The World Today for February 27, 2018



He’s Back

The Brazilian army has taken over security in the crime-ridden favelas of Rio de Janeiro.

“Police are unable to handle the situation,” Felicya Oliveira, a 31-year-old restaurant worker who often misses shifts because of gunfights outside her door, told Bloomberg. “So let’s see if the military can bring order.”

The government of President Michel Temer, who took office in August 2016 after the impeachment of Dilma Rousseff on corruption charges, has given up on reforming Brazil’s overspending pension system, Voice of America reported.

The Beija-Flor samba school won this year’s carnival dance competition with an arrangement that lamented corruption, the Economist wrote. Gang fights and other violence marred the carnival this year, noted Agence France-Presse.

It’s little wonder, then, the Worker’s Party is supporting former President Luiz Inacio Lula da Silva’s bid for a third term in office in Brazil’s October presidential election.

Lula presided over what now looks like a golden age in Brazil, when the economy was strong and the government expanded a range of social programs that lifted millions out of poverty.

The fact that Lula’s programs set the stage for much of the country’s misery today – Rousseff was his protégé and Temer is struggling to trim the weighty budget deficits he inherited – matters little to voters who want things to improve.

Writing in the online magazine Jacobin, James N. Green, a professor of Latin American studies at Brown University, noted that around 37 percent of voters still thought the 72-year-old politician should run for office even though a court recently upheld his graft conviction. He’s been sentenced to 12 years in jail.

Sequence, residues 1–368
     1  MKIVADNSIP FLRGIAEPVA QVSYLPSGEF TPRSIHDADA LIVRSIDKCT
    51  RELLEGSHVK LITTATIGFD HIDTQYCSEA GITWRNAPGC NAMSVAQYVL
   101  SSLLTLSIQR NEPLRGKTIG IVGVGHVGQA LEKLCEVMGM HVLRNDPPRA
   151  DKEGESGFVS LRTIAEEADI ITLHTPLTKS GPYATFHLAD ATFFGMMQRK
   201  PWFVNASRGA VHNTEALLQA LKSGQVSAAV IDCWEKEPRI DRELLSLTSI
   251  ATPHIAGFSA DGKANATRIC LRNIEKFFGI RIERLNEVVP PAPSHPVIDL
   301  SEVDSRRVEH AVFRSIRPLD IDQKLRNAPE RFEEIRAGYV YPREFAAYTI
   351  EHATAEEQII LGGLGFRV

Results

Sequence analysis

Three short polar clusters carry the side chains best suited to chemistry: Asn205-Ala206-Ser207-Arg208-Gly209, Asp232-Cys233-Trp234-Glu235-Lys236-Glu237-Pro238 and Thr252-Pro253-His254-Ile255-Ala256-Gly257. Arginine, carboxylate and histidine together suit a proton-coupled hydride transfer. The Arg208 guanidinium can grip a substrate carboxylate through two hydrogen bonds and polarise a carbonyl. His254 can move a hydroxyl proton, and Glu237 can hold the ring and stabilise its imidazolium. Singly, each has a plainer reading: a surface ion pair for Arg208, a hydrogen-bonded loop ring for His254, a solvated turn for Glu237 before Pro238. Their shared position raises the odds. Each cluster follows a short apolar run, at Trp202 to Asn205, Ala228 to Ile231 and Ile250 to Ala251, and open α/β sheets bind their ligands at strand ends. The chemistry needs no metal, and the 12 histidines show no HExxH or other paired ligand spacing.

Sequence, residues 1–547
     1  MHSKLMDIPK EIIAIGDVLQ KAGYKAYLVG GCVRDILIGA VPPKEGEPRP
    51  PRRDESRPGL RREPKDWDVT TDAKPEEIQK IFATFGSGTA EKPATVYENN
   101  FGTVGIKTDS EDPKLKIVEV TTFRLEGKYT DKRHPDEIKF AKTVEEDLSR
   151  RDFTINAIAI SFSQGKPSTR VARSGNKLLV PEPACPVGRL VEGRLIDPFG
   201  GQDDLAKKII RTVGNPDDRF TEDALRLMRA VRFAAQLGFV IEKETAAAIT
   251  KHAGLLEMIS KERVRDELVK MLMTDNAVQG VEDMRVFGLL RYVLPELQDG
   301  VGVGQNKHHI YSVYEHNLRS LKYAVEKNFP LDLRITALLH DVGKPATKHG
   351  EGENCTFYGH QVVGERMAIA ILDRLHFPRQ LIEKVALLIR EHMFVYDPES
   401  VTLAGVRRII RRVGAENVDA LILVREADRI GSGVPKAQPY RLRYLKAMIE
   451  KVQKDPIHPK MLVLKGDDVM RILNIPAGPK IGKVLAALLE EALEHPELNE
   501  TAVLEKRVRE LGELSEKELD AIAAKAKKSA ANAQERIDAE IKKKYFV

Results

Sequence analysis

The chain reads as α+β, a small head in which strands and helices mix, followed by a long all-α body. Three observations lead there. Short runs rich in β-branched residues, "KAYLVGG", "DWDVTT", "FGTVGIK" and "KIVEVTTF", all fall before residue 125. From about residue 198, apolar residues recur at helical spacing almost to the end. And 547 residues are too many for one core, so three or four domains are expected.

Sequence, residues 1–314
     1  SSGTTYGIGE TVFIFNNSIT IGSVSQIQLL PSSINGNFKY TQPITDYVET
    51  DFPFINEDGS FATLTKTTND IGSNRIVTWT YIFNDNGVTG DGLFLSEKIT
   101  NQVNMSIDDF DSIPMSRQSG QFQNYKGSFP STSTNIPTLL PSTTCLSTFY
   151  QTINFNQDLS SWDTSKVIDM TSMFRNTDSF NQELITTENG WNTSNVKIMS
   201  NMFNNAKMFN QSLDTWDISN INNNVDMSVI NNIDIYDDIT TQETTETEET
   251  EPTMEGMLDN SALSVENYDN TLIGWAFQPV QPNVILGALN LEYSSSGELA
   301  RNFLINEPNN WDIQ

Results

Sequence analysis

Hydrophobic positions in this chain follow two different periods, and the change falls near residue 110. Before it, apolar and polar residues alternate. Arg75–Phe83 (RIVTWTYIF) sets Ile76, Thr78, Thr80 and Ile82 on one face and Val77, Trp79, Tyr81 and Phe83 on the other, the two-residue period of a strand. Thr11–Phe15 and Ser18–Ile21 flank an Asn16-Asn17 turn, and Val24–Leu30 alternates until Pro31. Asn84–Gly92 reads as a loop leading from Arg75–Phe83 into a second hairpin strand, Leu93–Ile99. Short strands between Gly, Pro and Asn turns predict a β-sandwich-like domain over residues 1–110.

Claiming the charges are politically motivated, Lula remains free as he appeals the ruling. He’s launched a series of election “caravans” to take his message to the people. Earlier this month, a judge allowed him to reclaim his passport so he could attend a conference in Ethiopia.

“The word ‘flee’ doesn’t exist in my life,” he told a Brazilian radio station, according to TeleSur, a Venezuela-based, multi-state-funded news outlet with a leftist tilt that favors Lula’s politics. “I believe that I will be a (presidential) candidate because I believe the truth will prevail in the end.”

The next-most popular candidate has a 21-percent popularity rating, Green wrote. Temer, who is not running for reelection, has a 2-percent approval rate. Temer escaped bribery charges, the Guardian explained – arguably a remarkable achievement, given how police have charged and convicted scores of politicians in a series of corruption scandals in recent years.

It’s not clear whether Lula will appear on the ballot or, if he wins, if he could assume office if he’s in jail. But it is clear that Brazilians prefer to go back to the future rather than dwell on the present.



Divorce Papers

The European Union is set to submit a 100-page document detailing plans for Britain’s exit from the bloc that ignore some of the United Kingdom’s key demands.

The EU document, which is slated to be issued on Wednesday, will outline a plan for the transitional phase designed to smooth the UK withdrawal that leaves out UK Prime Minister Theresa May’s scheme for a longer, two-year transition period and ignores her proposed compromise on the section dealing with the UK’s border with Ireland, Bloomberg reported.

Coming two days before May is scheduled to announce her vision for the UK’s future trade partnership with the bloc and three weeks before an EU summit on the topic, the EU salvo will focus on May’s worst-case scenario – in which no trade deal can successfully maintain an open crossing on the future border with Ireland.